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Insurgency Review

Insurgency Banner

Developer: New World Interactive

Publisher: New World Interactive

Available: Now on Steam for PC/Mac £10.99

Based on a 2007 mod for the ever popular, if slightly creaking source engine.  Insurgency is a team focused multiplayer FPS available on Steam.  With the shooter genre as saturated as Frugal Daz’s pants at the launch of a new Apple product, does Insurgency offer anything to make it stand out from the crowd?

Diving In The Deep End

I took my first tentative steps into Insurgency within the tutorial mode, considering that lots of multiplayer shooters offer you the opportunity to cut your teeth with a single player campaign, it appeared to be a welcome inclusion in the solely multiplayer focused game.  The training section was nearly as far as I got, its a woeful broken mess.  I can forgive the fact that the instructor during this segment it quite simply the worlds best ventriloquist, I swear his lips never moved once! What is unforgivable however, is the myriad of bugs that more often than not leave you unable to complete the training.

Events fail to trigger- leaving you stuck between objectives and woe betide you if a grenade accidentally kills you, you’ll have to start the whole thing again.  The tutorial leaves me grateful that a single player campaign isn’t part of the package, I dread to think what a mess the developers would make of it if they can’t handle a half hour training exercise.

Insurgency Urban

Fools Rush In

So! On to the bread and butter of the game.  It offers twelve maps; five adversarial modes with a couple of co-op options and all are available from the off.  If you’re expecting the shoot, kill, get killed then re-spawn mechanic like other shooters, Insurgency definitely isn’t for you.  Nearly all the game modes revolve around capturing, defending or attacking enemy control points, called supply points in this game.  If you die, which believe me you will, spectator mode will be the only sport on offer here – until your team manages to achieve one of the aforementioned objectives. All of your vanquished team mates will then re-spawn, with the idea that as a squad, you advance on the objectives once more.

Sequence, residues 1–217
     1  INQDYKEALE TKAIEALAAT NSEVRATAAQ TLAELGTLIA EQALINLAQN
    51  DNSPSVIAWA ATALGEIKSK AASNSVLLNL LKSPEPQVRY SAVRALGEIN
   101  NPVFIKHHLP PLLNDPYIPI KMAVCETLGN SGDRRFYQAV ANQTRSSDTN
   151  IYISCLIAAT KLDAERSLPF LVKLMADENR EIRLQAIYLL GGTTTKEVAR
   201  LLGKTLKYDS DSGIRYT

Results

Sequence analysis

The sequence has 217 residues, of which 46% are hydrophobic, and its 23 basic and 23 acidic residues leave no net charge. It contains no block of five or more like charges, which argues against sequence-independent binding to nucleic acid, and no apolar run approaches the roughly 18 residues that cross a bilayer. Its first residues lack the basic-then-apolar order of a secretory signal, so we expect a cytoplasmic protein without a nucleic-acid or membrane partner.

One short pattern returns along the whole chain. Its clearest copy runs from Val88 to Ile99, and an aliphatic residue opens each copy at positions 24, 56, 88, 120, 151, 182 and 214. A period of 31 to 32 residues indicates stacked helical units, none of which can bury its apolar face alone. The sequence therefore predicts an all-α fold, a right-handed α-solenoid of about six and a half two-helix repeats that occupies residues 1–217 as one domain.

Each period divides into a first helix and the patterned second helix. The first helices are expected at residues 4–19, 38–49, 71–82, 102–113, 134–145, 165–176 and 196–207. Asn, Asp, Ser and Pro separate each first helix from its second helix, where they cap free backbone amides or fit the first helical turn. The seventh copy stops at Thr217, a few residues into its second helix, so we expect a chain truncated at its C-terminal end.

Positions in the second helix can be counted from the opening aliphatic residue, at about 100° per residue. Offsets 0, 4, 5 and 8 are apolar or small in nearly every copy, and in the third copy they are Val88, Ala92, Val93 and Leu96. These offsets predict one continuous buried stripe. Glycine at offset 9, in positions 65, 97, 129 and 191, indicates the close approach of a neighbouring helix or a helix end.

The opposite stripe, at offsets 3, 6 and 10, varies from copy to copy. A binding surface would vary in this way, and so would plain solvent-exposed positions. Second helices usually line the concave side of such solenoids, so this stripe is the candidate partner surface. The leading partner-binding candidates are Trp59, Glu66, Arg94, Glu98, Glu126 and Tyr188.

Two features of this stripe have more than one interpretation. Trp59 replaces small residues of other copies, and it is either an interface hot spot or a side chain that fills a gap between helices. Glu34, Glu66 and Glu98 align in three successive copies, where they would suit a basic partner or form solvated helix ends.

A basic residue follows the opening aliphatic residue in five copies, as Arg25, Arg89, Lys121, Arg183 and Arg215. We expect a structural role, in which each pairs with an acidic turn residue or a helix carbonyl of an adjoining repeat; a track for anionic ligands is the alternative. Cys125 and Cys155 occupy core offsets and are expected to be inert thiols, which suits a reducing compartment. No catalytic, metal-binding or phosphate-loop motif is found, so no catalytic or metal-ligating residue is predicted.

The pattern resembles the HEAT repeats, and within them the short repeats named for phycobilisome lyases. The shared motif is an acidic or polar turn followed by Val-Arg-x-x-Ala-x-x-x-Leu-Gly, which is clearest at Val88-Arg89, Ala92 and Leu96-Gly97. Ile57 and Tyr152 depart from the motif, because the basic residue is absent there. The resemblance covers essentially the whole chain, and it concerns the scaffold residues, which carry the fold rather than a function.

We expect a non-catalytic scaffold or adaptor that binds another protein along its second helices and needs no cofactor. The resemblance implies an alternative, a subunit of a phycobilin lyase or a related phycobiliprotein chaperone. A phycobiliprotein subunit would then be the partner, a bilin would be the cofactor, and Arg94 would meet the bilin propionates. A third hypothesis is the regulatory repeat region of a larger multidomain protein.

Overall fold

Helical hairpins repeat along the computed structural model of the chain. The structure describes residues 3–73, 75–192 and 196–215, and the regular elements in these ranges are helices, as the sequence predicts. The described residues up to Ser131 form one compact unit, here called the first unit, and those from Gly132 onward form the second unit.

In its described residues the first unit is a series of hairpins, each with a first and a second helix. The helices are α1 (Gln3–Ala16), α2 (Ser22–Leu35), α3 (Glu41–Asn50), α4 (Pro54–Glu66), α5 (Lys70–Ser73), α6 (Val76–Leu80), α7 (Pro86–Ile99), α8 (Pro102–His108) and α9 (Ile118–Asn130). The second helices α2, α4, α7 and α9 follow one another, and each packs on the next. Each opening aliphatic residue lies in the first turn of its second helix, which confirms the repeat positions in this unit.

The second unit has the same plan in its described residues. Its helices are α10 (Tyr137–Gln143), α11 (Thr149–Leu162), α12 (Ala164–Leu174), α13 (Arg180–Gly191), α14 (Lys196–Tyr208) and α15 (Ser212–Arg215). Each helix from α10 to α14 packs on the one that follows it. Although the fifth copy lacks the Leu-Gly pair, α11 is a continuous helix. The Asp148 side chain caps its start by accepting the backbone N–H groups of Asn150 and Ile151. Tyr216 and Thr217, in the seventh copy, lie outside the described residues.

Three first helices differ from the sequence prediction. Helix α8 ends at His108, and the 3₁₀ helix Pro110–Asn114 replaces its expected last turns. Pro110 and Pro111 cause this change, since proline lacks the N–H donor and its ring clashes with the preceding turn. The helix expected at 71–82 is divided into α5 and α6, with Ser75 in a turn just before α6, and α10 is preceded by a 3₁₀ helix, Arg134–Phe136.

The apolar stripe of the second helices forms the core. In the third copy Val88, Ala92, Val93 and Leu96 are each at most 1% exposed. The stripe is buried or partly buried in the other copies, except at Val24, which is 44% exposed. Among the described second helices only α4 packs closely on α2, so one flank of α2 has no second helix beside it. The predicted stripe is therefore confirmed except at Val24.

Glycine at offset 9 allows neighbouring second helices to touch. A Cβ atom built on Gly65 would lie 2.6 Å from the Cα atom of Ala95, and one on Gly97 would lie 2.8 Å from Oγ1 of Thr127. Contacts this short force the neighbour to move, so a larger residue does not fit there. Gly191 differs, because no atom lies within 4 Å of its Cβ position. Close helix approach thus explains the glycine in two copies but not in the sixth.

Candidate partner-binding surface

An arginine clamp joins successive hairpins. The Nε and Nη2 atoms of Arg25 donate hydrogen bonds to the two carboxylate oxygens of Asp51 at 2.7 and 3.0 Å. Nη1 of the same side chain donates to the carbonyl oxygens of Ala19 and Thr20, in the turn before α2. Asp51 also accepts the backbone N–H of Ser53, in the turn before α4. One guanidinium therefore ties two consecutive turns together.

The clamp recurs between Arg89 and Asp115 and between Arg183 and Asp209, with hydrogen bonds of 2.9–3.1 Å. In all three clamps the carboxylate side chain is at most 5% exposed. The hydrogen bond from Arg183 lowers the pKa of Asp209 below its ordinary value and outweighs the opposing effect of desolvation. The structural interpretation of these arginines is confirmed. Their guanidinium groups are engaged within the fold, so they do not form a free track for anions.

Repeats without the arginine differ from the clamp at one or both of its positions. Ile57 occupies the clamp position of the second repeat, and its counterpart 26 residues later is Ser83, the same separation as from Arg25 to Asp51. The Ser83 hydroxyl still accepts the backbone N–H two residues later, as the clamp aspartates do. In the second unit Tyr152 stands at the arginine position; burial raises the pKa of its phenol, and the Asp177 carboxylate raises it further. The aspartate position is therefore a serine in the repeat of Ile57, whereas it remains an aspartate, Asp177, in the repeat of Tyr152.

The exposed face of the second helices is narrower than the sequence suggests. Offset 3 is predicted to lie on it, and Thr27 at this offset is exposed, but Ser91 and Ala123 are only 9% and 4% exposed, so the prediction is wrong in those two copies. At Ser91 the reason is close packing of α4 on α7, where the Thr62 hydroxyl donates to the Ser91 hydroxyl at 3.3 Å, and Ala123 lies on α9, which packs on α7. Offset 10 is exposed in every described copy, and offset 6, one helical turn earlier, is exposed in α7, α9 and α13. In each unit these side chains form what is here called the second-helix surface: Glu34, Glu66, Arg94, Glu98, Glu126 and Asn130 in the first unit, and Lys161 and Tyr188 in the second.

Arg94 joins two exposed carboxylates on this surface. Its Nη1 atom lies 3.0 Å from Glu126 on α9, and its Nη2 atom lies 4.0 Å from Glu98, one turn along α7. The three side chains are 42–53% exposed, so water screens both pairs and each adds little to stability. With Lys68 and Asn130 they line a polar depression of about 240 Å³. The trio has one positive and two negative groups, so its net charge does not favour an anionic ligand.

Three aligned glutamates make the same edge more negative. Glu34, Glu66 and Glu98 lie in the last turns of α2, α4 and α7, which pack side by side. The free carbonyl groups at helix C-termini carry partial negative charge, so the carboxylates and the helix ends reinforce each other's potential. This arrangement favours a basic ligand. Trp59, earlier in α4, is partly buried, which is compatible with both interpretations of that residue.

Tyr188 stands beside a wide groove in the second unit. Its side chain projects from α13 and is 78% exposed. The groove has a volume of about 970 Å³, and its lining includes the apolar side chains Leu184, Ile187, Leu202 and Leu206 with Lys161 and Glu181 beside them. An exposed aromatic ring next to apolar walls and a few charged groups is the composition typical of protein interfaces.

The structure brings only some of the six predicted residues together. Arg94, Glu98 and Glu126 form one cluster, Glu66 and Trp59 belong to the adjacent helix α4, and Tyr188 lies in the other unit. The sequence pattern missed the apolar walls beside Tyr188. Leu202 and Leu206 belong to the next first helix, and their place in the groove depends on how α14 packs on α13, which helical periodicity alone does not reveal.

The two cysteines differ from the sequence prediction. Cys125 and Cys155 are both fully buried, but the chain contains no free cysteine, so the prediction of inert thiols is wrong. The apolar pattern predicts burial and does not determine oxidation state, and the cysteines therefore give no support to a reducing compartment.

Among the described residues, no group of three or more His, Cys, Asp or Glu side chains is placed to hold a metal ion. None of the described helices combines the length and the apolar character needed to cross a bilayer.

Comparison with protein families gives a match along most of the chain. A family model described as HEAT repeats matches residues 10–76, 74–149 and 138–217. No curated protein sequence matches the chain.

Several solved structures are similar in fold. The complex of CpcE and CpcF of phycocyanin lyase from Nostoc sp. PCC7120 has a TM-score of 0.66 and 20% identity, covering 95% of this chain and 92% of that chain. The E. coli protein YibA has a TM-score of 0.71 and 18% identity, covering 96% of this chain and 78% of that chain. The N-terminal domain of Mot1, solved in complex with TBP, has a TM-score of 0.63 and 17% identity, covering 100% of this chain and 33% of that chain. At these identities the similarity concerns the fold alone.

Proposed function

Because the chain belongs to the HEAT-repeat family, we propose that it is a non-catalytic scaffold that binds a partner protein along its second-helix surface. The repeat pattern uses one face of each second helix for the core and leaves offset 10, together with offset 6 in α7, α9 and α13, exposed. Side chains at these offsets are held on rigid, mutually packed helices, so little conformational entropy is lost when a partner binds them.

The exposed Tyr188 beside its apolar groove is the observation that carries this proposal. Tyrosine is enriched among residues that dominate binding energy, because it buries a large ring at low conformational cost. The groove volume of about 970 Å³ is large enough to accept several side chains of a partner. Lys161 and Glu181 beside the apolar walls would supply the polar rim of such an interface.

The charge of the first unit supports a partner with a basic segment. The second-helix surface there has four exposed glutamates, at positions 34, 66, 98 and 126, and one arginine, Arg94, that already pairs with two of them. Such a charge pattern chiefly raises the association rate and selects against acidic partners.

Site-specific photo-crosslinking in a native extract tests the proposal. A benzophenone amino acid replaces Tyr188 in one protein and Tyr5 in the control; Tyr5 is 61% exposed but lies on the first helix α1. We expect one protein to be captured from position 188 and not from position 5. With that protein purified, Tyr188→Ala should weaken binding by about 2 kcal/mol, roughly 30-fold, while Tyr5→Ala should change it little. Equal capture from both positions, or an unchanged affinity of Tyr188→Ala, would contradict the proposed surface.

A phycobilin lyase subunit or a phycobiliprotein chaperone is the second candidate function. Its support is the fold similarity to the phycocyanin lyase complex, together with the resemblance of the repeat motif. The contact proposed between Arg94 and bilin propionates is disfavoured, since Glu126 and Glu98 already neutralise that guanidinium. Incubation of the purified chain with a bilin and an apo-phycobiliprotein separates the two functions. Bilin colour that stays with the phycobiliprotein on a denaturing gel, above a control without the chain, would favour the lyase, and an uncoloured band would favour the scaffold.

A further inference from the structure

The reasoning behind this cycle of life and death is a clear push to promote good team work, however in nearly 10 hours of playing, I’ve yet to hear anyone in my teams communicate, despite me incessantly blathering on into my microphone.

Its both the harsh reality of death, where one shot can and will kill you. Coupled with the strict re-spawn system that will leave you as a spectator, more than playing. It left me wishing that the developers had included a standard game mode with quicker re-spawns.  Whilst against the whole ethos of the game, it would at least allow players more hands on time with both maps and the actual game itself. By doing this, the learning curve would not be quite so frustrating, enabling you to actually be effective in all the other modes without having to sink  in tens of hours.

Insurgency Sniper

Are You Ready?

At the start of each match players choose which discipline they want to be, different classes have different weapons, so you won’t end up facing off against a team of all out snipers etc. However, if a team-mate chooses ahead of you, you may well end up playing a class you’re not comfortable with.